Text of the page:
Last Tuesday I took the train from Århus to København in order to catch my flight back to the States. The trip takes a little over three hours, and runs through some very beautiful East Jutland countryside. I alternated my time between reading and watching out the window.
When the train stopped in Vejle, a young man and his little girl got on and sat down next to me. The train was crowded, and there was only one seat free for the two of them, so the little girl sat (and stood) on her father’s lap. She was about three, and kept peeking at me under her father’s arm and smiling.
They were speaking a language that I didn’t recognize; all I knew was that it wasn’t Danish. Then, when the conductor came, the man asked her in English about which platform to look for when changing trains in København for the airport.
Since the conductor was unsure, and I knew the answer — I had prepped for the journey — I told him to move to platform five. He thanked me, and we struck up a brief conversation. He was from the Czech Republic, and was going back to his homeland for a visit.
Soon after that a pair of adjacent seats became available in the next car, and I lost track of the young Czech and his daughter. However, after changing trains at the main København station, I met him again, and the three of us sat together all the way to the airport.
He told me a little bit about himself. His wife was Finnish, he said, and they lived together in Jutland. He was giving her a bit of a break by taking their daughter to visit her grandparents in the Czech Republic for the first time.
He told me that he and his family were tentatively planning a move to Scotland so that his wife could study there.
“She wants to improve her English,” he said, “so that our daughter can grow up with a third language.”
“Doesn’t she speak any Danish?” I asked him.
“Oh, a little; a word here and there. But my wife and I speak English to each other at home, because she doesn’t speak any Czech, and I don’t speak any Finnish. We want her” — indicating his little girl — “to learn good English.”
I asked him about where he came from, whether he was from Bohemia or Moravia. He said his family was from Moravia, to the east of Brno, close to the Slovakian border. “We speak Czech, but with a lot of Slovakian words.”
I asked him if he was old enough to remember 1989.
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“I was 15,” he said, “so, yes, I remember. But I didn’t really understand what was happening. It seems that the older I get, the more I understand about how important it was.”
“I remember 1968 very well,” I told him. “I was a teenager living in England, and the news of the ‘Prague Spring’ was all over the newspapers and the television. Then the Soviet tanks came in, and it was horrible.
“So when 1989 happened, I was paying close attention. It was very exciting; it was such a…” I groped for a word.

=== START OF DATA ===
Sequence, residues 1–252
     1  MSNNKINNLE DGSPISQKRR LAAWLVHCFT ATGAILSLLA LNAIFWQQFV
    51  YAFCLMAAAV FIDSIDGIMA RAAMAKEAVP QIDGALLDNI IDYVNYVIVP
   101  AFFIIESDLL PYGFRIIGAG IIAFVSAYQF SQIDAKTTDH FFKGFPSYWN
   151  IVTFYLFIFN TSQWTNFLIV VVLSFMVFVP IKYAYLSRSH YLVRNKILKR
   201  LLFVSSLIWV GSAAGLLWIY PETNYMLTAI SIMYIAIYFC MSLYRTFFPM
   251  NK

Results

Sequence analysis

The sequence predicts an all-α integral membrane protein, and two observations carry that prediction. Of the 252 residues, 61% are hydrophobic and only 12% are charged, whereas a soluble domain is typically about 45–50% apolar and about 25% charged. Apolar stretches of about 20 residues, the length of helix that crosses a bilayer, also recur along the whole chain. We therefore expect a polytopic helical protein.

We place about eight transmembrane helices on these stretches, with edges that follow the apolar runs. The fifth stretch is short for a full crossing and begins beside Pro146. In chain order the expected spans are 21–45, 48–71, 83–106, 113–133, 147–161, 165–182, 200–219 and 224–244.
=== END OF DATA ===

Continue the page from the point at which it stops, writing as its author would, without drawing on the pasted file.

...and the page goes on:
“A relief?” he suggested.
“Yes, exactly. A relief.”
We talked about the pervasive corruption in the countries of the former Soviet bloc. I noted that the party that currently holds power in Hungary — the reconstituted Communist party — wass notorious for its blatant corruption. I asked him if they had the same problem in the Czech Republic.
“Yes,” he said, “there is quite a bit of corruption. I think the reason for it is that the churches were persecuted under the communists. They received no money, and could not run their schools. The people lost the habit of religion.
“Now we are free, and we can choose to have religion or not. People are moving back to the church, but it takes a long time. I think the corruption happens because people don’t have a sense of God to tell them what is right and what is wrong.”
At that point the train reached the airport, and we said our farewells as we stepped out onto the platform. He headed off to catch a plane to Prague, and I boarded a plane to Amsterdam, with a connecting flight to the Great Satan.
For the rest of the day, every time I pulled out my passport — to check in, to go through security, to get my boarding cards, and so on — I looked at it and thought about the man from the Czech Republic and his Finnish wife and his little girl who was going to learn good English.
That little blue book in my hand was something very precious. Billions of people all over the world would like to have one, to be able to step off a plane, show it to the immigration officer, and then walk out into the vast open spaces of America. I am a privileged human being, and I never forget that.
But that little blue book is not something that’s guaranteed. We would be ill-advised to take it for granted. It is, after all, just a few pages of funny-colored paper stapled together.
What makes it important is something we could lose very easily.
If we continue on our present path, pursuing orthodox multiculturalism and worshipping at the altar of internationalism, that little blue book could become completely worthless.
If we insist on disregarding our own borders, and view our own language and culture as worthless, and denigrate our own people, then we will lose what makes the United States a beacon for the rest of the world.
It is a pearl beyond price, and we seem all too eager to cast it onto the dungheap.